Google pushes 'real world' Bluetooth low energy beacon format

Google said it is addressing limitations in Bluetooth low energy (BLE) beacon systems with a new, open format that will make it easier for developers to produce compatible applications.

The U.S. company launched Eddystone, a BLE-based beacon format developed in conjunction with partners working in the beacon industry that Google said offers better semantic context and precise location than existing systems. The company added that partnering with industry players means its format addresses real-world requirements for the location technology, while also delivering cross-platform support and security.

Bluetooth beacons are small objects that transmit location information to smartphones that are powered by Bluetooth Smart, the brand name for BLE, according to information from the Bluethooth Special Interest Group. The beacons can enable services including mobile wallets, couponing, and location-based services, it said.

In a blog post, Google explained that Eddystone "supports multiple frame types for different use cases," and simplifies the introduction of new functionality to existing beacons. The format is compatible with Google's Android smartphone operating system along with Apple's iOS and any other "platform that supports BLE beacons."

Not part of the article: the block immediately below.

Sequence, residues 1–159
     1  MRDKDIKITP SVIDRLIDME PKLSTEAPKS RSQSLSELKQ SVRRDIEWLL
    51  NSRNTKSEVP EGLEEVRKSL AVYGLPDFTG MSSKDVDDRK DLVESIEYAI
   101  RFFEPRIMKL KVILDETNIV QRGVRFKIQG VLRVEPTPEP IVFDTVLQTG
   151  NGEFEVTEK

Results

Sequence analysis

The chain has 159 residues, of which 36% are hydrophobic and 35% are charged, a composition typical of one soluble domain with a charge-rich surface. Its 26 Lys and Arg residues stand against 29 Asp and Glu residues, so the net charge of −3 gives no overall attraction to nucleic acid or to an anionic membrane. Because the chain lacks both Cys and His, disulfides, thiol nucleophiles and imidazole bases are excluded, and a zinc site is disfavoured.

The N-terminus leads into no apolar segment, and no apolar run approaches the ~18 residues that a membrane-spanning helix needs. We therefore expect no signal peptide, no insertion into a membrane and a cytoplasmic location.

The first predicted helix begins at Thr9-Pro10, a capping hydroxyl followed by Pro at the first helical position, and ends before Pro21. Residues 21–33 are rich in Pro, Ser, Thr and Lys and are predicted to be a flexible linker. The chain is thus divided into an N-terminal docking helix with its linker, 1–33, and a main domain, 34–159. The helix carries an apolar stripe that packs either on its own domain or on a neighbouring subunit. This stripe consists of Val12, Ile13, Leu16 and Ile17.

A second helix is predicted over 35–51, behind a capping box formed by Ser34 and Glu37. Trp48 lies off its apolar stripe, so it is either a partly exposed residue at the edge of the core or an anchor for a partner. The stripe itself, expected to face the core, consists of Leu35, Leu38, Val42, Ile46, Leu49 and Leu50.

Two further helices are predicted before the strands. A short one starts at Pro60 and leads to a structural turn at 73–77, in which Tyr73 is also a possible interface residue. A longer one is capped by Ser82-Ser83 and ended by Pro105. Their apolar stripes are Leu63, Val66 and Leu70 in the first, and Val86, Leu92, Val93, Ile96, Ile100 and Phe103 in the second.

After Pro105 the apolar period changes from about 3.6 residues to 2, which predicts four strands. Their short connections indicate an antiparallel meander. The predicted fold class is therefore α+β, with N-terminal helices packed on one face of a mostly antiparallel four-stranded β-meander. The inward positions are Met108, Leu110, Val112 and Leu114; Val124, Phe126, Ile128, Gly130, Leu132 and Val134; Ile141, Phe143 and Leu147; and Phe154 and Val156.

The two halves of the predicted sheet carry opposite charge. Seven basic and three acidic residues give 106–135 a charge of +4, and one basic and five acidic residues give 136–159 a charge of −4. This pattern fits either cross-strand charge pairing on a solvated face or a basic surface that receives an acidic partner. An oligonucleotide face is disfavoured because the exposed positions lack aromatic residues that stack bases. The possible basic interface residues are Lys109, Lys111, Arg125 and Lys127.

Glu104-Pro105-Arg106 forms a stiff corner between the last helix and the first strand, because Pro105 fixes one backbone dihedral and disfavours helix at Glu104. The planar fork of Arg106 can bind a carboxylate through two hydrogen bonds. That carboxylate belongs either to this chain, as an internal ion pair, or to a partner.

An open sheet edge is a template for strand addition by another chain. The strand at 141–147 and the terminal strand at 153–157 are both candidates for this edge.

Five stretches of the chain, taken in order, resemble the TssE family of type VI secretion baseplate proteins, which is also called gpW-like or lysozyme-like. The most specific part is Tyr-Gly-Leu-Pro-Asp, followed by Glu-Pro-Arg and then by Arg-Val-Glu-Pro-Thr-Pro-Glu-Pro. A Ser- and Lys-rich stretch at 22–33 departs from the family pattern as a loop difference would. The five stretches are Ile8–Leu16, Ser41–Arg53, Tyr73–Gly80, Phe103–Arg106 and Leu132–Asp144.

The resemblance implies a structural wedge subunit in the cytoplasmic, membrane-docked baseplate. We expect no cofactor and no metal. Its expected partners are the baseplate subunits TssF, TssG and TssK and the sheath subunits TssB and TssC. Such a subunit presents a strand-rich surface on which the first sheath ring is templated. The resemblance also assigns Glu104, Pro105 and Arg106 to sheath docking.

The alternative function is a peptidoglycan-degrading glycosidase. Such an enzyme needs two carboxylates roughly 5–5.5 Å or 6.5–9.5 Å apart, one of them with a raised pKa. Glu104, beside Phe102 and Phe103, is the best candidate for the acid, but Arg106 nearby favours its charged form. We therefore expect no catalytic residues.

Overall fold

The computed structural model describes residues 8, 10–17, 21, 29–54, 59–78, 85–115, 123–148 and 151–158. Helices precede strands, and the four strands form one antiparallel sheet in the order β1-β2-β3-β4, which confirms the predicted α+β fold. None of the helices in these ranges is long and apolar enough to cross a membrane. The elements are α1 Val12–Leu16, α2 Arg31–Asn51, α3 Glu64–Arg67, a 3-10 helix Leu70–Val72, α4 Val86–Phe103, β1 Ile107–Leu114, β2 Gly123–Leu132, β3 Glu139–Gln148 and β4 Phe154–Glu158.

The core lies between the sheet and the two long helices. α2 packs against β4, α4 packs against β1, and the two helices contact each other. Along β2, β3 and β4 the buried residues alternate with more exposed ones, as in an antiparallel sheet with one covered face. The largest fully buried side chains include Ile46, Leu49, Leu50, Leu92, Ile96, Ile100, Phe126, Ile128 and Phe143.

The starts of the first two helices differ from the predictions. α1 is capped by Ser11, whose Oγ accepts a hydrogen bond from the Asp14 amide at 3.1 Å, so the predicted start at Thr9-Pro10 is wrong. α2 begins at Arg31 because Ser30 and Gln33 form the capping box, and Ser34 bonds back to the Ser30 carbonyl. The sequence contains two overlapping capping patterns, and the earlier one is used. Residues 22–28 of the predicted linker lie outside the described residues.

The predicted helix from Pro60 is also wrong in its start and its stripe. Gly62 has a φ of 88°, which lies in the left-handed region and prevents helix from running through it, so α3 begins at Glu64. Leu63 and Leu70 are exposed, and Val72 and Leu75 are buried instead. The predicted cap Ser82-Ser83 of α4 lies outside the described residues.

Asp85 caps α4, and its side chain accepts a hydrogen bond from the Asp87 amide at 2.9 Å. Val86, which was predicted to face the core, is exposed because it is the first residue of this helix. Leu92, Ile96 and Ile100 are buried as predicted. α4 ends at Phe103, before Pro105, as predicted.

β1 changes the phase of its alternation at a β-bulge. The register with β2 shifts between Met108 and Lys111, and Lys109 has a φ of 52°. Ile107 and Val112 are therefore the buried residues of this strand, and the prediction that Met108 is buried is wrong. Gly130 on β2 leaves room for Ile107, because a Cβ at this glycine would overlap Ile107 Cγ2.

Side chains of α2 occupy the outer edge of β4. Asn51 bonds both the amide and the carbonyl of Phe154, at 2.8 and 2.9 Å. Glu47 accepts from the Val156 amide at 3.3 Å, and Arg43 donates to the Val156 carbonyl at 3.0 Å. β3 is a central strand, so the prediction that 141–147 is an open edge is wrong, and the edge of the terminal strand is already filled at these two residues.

The company explained that the frame format is the core of any BLE beacon. This format is a language that enables the beacon to beam information to Bluetooth-enabled smart devices in the vicinity. Google compared the systems to lighthouses, noting that beacons "can label a bus stop so your phone knows to have your ticket ready, or a museum app can provide background on the exhibit you're standing in front of."

Google added that it included a security feature called Ephemeral Identifiers (EIDs) that "change frequently, and only allow authorised clients to decode them."

The search giant's beacon push puts it in direct competition with Apple's iBeacon technology, which launched in 2013, Bloomberg noted. Apple's service utilises small form factor signal beacons that can be mounted in a variety of locations. The newspaper listed ceilings or shelving as examples.

Google also introduced new application programming interfaces (APIs) as part of its beacon push. The Nearby API for Android and iOS "makes it easier for apps to find and communicate with nearby devices and beacons," while the Proximity Beacon API "lets developers associate semantic location" based on latitude and longitude "and related data with beacons, stored in the cloud," the company explained.

For more:
- see this Google blog post
- view this Bloomberg report
- read this Bluetooth SIG beacon explanation

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